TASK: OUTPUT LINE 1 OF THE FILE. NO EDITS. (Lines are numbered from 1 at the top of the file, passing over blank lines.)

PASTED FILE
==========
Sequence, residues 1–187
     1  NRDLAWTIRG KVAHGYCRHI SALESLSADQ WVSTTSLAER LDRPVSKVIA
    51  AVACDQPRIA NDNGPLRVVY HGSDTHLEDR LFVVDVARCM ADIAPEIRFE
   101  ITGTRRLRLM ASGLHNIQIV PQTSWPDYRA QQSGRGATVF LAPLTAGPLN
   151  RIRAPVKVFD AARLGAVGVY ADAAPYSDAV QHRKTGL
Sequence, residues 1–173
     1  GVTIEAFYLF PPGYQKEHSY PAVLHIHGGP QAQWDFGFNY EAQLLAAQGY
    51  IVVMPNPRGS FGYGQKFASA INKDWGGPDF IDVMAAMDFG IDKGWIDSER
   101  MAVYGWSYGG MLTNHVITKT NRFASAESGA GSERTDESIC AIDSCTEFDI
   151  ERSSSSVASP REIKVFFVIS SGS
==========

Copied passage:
Sequence, residues 1–187